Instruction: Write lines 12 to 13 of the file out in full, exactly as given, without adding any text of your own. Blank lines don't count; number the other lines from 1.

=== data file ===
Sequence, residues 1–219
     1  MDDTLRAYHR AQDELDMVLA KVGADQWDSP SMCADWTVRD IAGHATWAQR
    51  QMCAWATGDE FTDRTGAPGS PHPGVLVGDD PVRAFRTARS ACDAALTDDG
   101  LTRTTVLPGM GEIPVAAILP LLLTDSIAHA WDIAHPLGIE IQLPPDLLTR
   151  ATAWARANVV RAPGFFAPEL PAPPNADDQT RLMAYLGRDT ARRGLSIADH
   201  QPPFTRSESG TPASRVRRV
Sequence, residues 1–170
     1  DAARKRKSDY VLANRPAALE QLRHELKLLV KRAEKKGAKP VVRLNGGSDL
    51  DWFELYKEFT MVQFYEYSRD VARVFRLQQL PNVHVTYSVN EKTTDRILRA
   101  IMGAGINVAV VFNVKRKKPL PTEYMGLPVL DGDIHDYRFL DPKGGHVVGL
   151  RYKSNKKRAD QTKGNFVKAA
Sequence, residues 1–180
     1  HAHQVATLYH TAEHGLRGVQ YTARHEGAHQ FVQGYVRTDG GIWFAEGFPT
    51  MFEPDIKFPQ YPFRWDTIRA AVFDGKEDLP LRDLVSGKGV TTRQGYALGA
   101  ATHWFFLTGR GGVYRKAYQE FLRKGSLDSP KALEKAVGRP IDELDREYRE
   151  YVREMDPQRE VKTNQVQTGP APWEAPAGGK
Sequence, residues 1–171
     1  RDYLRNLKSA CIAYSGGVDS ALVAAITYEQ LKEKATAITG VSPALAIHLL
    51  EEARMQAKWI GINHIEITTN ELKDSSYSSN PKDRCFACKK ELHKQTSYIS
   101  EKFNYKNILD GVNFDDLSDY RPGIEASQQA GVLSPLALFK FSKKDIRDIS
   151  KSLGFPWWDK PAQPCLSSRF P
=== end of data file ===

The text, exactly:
Sequence, residues 1–180
     1  HAHQVATLYH TAEHGLRGVQ YTARHEGAHQ FVQGYVRTDG GIWFAEGFPT